Behaviour modification: Applying the principles of psychology to remote learning

Award-winning instructor Karsten Loepelmann discusses distance learning—including how to change your behaviour—in Fall 2020.

Katie Willis - 9 July 2020

For Karsten Loepelmann, instructor in the Department of Psychology, the change to remote delivery in March 2020 due to the global COVID-19 pandemic did not come as a shock. 

“For several months, I had been tracking reports of this new virus spreading across the world,” Loepelmann explained. “So it wasn't a complete surprise to me when classes were moved to remote delivery in the middle of March. In fact, I had already been making plans for it.” 

His plans started with ensuring he had the right hardware and software for teaching online, communicating with his students and fellow instructors, and accessing organizational support. “I can't say enough about how my colleagues all banded together to help each other out,” said Loepelmann. “This was absolutely essential—we shared problems and solutions, strengthening an already vibrant community of practice.” 

As the University of Alberta prepares to continue delivering course content primarily remotely in the Fall 2020 term, the Faculty of Science has connected with some of our top instructors and scientists to illustrate what the university experience will look like. While delivery may look different, what remains the same is our strong commitment to an engaging and quality education and experience for our students. 

Hear more from Loepelmann about his plans for Fall 2020. 

What courses will you be teaching this fall?

In Fall 2020, I am teaching three courses: Behavior Modification (PSYCO 282), Perception (PSYCO 367), and Human Factors and Ergonomics (PSYCO 494). 

How are you planning to adapt your course for remote delivery?

The biggest single change will be online lecture videos instead of face-to-face lectures. I have some assignments that needed reworking, and some in-person activities that are being moved online. Otherwise, I've tried to keep as many things the same as they were from face-to-face because I know that they're effective. The learning objectives for all of my courses have not changed.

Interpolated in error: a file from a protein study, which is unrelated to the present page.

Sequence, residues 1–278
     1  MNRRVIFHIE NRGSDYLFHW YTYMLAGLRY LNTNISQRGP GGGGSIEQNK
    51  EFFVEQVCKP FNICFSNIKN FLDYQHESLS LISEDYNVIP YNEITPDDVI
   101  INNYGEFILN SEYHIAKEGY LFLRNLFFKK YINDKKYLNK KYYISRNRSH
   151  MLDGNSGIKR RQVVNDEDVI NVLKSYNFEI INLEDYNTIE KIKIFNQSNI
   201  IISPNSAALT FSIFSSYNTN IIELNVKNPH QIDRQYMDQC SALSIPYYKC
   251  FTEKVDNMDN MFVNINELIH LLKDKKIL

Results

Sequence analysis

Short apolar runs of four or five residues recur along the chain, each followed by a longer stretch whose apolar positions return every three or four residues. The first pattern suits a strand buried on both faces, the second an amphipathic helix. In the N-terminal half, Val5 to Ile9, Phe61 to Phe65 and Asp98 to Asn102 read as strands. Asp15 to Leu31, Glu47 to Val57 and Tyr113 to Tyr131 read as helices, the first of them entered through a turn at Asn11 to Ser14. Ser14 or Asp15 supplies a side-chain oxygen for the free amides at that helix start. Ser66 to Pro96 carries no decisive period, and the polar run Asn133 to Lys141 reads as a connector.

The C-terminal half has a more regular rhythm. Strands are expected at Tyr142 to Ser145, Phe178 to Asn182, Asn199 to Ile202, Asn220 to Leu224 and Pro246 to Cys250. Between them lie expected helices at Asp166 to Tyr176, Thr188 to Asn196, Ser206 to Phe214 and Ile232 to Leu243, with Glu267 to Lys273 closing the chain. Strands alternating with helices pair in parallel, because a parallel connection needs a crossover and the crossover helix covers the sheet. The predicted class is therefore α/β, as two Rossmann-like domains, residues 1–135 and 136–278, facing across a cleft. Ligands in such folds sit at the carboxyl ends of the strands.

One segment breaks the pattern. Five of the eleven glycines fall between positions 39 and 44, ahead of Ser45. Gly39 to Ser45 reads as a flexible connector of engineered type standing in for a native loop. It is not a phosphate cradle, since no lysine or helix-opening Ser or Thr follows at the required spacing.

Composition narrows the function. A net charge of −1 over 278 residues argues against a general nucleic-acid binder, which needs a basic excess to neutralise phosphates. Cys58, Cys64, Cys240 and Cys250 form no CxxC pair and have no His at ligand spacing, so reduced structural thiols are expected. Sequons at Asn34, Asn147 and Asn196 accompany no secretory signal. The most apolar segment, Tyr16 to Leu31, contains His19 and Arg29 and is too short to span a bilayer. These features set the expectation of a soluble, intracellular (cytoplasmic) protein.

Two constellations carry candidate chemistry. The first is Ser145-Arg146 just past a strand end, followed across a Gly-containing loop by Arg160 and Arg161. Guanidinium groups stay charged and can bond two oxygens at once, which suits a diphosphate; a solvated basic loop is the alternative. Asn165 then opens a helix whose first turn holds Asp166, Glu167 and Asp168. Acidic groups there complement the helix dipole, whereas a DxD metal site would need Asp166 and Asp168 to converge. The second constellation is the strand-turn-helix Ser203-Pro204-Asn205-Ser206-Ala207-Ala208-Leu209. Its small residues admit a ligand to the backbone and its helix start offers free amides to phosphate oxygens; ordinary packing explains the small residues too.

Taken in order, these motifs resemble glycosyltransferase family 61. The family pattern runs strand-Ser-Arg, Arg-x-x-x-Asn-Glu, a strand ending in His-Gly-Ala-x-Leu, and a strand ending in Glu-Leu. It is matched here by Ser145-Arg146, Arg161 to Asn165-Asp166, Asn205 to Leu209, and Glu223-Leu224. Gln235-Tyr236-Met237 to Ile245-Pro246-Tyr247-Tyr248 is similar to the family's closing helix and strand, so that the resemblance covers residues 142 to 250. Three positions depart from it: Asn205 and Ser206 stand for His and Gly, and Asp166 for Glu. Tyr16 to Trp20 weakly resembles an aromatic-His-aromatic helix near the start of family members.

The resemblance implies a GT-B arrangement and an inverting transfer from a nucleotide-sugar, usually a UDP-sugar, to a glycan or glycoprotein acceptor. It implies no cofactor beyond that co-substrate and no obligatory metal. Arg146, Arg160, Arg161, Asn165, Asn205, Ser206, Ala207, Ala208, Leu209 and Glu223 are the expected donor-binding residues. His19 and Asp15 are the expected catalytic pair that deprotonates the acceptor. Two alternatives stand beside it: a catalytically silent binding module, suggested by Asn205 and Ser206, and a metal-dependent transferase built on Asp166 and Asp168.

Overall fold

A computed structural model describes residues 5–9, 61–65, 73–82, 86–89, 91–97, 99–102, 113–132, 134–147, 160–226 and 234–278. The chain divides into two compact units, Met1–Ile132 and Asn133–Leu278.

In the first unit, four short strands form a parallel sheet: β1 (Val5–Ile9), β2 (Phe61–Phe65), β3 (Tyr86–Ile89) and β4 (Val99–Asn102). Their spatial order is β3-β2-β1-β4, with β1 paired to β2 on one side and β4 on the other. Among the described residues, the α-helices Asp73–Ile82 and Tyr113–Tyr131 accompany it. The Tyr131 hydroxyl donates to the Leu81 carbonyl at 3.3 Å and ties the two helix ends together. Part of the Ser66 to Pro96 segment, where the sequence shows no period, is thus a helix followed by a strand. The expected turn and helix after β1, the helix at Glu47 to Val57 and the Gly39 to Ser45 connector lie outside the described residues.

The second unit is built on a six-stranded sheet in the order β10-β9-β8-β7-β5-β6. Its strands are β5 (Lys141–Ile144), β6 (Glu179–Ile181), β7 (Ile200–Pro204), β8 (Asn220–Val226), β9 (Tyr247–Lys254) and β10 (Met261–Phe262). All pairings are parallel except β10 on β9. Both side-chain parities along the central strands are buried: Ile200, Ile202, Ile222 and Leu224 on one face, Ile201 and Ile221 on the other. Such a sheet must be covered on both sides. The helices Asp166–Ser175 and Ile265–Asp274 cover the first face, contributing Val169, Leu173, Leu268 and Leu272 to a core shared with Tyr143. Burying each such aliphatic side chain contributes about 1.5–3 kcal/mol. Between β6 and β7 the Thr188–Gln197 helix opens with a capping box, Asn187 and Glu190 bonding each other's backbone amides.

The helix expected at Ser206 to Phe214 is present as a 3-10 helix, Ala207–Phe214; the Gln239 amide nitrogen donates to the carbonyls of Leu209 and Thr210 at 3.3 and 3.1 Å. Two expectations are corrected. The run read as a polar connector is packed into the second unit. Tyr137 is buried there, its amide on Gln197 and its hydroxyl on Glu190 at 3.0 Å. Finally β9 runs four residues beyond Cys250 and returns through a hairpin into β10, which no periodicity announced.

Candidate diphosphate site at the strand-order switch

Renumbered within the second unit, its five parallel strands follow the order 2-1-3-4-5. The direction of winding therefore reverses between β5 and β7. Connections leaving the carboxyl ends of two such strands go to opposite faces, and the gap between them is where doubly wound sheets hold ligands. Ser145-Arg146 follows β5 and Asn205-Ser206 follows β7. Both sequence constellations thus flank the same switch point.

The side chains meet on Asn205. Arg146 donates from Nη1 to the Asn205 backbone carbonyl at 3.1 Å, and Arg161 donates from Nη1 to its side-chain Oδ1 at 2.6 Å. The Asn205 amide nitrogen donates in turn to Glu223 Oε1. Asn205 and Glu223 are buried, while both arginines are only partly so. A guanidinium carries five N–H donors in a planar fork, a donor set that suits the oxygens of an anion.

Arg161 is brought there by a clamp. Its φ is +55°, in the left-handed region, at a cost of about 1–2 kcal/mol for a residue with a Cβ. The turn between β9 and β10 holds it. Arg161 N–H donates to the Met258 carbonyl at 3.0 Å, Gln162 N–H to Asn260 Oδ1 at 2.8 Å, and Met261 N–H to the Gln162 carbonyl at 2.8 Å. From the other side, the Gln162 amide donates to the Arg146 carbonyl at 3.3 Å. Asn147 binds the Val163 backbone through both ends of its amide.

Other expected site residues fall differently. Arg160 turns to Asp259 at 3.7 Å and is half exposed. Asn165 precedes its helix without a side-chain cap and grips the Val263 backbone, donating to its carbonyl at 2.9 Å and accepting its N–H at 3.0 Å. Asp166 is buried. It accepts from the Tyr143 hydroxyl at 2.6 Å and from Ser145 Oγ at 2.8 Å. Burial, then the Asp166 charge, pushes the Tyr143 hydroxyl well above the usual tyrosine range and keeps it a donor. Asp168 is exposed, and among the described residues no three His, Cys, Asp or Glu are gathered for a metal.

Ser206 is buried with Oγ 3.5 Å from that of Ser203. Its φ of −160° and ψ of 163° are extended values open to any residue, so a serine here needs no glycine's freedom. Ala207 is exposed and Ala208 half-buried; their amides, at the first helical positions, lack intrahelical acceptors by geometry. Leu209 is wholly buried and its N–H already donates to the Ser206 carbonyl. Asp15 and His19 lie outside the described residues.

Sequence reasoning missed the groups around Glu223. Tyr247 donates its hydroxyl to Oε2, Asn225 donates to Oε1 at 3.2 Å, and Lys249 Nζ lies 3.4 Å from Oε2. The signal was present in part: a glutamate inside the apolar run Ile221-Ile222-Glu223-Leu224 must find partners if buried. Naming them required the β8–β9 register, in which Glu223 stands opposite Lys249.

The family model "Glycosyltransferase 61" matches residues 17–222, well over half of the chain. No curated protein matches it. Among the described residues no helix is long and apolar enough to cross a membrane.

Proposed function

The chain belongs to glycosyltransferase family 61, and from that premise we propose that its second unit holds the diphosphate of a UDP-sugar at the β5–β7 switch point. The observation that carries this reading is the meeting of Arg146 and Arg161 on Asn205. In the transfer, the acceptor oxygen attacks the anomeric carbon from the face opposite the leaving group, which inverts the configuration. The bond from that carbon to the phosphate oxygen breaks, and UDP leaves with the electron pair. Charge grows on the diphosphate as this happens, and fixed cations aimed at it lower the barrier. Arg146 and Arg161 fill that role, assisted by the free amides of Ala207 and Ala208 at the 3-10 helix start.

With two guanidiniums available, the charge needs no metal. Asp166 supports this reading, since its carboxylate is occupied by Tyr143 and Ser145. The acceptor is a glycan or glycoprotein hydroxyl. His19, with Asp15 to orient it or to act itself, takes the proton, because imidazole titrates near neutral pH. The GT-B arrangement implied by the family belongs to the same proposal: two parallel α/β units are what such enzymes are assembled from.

What are your lessons learned from the pivot in the Winter term, and how will the fall be different for you given the longer lead time for planning?

I got a lot of great feedback from students about the shift to remote teaching. A lot of them have favourite YouTubers that they follow, so watching my lecture videos on YouTube wasn't a big disruption. There were a lot of demands on my time (I'm the household "IT support guy," so I had to help my physician wife and school-age kids with their shift to online as well), so I asked students to post general questions to eClass forums instead of emailing me. That led to students helping each other out, which was gratifying to see.

I taught Cognitive Psychology (PSYCO 258) in spring term, so I've already been able to try some new and different ideas. I reached out to students in advance of the term, sending out a Google form to get to know them and their situation a bit, and learn their preferences. Almost everyone who was enrolled in the course responded, and it helped inform some of the choices I made. For example, not all students were in the Mountain Time zone, so instead of having synchronous lectures, I posted lecture videos online at class time. Going back to letter grades reportedly helped to motivate many students, but some still struggled with staying motivated. I believe having some synchronous activities can help with that.

What are you most looking forward to for the fall?

I'm going to weave aspects of our current situation into my courses where appropriate. For example, in behaviour modification, because people's behaviours have implications for the health and safety of everyone else, how can we ensure that everyone follows the recommendations of the Chief Medical Officer of Health? Not only are there direct applications of the science of behaviour to everyday life, but these issues are not hypothetical--they're being experienced by all of us.

Any other messages of encouragement for new and returning students?

Your instructors have been working really hard to get a handle on this situation. I've been in Zoom meetings with many of them in teaching webinars, seminars, and chats, and I know that they're going to be providing a high-quality learning experience for you. However, if you find yourself struggling, know that there are a lot of supporting resources available for you on campus--and online. There is no shame in reaching out and asking for help.

Learn more about how the University of Alberta is preparing to engage students for September and beyond on our Fall 2020 hub. 

Students, faculty, and staff can stay up-to-date with the latest information on COVID-19 for the campus community online.